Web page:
Gov. Shumlin Signs Consumer Protection Law for Unclaimed Life Insurance Benefits

22 May 2013

MONTPELIER – Joined by State Treasurer Beth Pearce, Gov. Peter Shumlin today signed into law a consumer protection measure that will require life insurance companies to make a good faith effort to contact beneficiaries when a policy holder has died.

“This law will help ensure that Vermonters receive their rightful benefits promptly, instead of discovering much later that proceeds were turned over to unclaimed property or being held by the insurance company itself,” the Governor said.

Among the provisions of the law:

• It establishes a requirement that twice a year life insurance companies use various data bases to cross-reference against their lists of life insurance policies to determine if policy holders have passed away.

• It requires the insurer to perform a good-faith effort to locate any beneficiaries and provide the necessary claim forms and instructions within 90 days of identifying a match.

• In the event the beneficiary cannot be located, it requires that the monies be sent to the State Treasurer’s Office unclaimed property fund so that efforts may be made to locate the beneficiary.

“This is about consumer protection,” said State Treasurer Pearce. “This law will help expedite payments to beneficiaries before it even reaches unclaimed property. People buy life insurance policies to assist their family members. We want to make sure those funds get into the hands of the beneficiaries as quickly as possible.”

Vermont continues to be a national leader in efforts to enact measures that ensure consumers receive their rightfully due life insurance benefits, including initiating audits of insurance companies and working on model legislation at the national level. Pearce testified last year before the National Council of Insurance Legislators (NCOIL) in their efforts to develop model legislation for states. The Vermont law is based on this model legislation.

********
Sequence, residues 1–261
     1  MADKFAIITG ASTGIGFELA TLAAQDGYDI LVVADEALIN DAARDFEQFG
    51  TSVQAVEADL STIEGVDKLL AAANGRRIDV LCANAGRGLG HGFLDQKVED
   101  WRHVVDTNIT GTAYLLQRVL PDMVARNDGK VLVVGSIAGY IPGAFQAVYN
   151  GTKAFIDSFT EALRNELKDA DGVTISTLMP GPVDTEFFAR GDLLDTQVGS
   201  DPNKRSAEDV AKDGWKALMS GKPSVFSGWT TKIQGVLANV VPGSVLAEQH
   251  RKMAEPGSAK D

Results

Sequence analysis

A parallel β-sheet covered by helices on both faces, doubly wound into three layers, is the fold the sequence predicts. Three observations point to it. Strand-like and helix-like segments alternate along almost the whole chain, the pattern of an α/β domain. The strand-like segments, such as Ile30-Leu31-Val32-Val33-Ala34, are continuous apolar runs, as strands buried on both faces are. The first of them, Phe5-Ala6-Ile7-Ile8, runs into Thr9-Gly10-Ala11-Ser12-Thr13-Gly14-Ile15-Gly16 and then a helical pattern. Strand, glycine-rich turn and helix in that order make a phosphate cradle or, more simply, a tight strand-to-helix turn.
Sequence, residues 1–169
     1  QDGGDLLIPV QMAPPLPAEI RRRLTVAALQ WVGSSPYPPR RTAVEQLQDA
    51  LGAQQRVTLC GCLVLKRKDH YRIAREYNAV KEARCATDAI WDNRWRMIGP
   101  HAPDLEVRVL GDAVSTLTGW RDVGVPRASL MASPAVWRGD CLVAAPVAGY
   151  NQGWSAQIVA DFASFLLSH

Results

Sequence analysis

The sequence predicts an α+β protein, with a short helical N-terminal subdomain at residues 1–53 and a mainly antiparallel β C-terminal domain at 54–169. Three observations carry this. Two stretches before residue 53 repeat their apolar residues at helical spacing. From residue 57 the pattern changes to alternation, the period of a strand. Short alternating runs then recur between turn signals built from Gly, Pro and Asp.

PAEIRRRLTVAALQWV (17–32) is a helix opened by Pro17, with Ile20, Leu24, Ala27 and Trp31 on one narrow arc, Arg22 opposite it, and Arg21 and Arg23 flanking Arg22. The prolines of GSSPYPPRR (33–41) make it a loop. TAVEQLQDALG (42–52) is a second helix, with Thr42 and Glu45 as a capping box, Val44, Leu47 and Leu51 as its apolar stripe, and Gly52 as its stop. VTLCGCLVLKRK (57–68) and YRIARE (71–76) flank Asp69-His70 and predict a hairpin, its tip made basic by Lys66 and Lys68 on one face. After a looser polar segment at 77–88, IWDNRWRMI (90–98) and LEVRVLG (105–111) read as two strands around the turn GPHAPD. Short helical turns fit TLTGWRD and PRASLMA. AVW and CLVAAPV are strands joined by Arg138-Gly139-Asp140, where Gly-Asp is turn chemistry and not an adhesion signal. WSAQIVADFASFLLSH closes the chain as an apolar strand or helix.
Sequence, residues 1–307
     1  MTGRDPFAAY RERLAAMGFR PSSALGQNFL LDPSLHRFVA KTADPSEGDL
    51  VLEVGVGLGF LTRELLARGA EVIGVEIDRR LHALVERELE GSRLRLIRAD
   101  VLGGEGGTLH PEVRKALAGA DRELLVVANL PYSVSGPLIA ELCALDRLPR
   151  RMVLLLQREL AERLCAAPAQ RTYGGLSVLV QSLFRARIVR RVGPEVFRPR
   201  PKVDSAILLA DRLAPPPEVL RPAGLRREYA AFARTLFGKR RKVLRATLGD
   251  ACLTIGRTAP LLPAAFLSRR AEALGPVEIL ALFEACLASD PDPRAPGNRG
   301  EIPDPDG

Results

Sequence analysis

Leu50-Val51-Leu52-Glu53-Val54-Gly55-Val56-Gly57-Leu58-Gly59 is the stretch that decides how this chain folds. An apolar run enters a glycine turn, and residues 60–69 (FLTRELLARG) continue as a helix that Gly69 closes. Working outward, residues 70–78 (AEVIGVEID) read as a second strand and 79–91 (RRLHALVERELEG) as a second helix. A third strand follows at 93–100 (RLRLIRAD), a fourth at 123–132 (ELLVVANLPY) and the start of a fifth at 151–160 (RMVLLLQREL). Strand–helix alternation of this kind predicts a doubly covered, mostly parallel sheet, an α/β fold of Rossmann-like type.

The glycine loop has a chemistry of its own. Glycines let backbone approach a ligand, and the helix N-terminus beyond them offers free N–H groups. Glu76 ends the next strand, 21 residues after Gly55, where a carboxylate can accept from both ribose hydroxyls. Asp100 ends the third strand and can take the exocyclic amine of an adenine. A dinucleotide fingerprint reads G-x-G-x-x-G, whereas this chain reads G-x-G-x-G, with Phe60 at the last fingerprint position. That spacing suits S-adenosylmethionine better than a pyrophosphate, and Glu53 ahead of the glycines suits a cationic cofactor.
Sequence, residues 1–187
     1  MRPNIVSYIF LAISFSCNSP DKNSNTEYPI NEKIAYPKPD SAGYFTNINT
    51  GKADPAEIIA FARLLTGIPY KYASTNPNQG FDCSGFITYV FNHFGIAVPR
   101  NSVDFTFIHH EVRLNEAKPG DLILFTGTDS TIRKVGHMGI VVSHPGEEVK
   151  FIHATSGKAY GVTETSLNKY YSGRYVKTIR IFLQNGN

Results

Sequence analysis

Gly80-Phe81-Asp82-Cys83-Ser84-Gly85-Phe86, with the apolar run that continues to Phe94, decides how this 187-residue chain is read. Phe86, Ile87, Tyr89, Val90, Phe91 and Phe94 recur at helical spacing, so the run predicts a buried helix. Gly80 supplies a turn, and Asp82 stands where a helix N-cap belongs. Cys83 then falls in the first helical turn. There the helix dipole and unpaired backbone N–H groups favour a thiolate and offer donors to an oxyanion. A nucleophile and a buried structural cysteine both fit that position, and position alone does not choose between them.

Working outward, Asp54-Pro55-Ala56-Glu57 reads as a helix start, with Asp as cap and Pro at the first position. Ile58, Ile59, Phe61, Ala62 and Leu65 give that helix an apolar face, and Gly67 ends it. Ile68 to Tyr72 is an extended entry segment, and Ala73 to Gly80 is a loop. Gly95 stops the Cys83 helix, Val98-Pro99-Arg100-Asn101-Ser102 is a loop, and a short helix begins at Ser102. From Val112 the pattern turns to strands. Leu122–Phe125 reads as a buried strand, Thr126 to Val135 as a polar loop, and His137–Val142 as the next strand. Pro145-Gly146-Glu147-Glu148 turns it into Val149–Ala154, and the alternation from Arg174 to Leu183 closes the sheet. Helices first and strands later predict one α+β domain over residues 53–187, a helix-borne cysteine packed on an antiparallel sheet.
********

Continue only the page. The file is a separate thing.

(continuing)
Pearce is the current President of the National Association of Unclaimed Property Administrators, a non-profit professional organization representing individuals charged with the responsibilities of unclaimed property administration and compliance. NAUPA worked closely with NCOIL and the American Council of Life Insurers to develop this model. Recently, the State Treasurer’s Office received more than $2.2 million in unclaimed property as the result of a multi-state initiative to require life insurance companies to pay out on old, sometimes forgotten, policies. As a result of these efforts, more than $1 billion has already been returned nationally to beneficiaries as a result of reviews and outreach conducted in the process of insurance companies reaching agreement with the states. Another $820 million has been sent to state unclaimed property programs so that the states can reunite these funds with the rightful owners.

The legislation was introduced by House Commerce Committee members, including Chair Bill Botzow, Rep. Warren Kitzmiller and Rep. Michael Marcotte. The bill was supported in the Senate by Finance Committee Chair Tim Ashe and Sen. Kevin Mullin. House Speaker Shap smith and Senate President Pro Tem John Campbell helped assure passage in the House and Senate.

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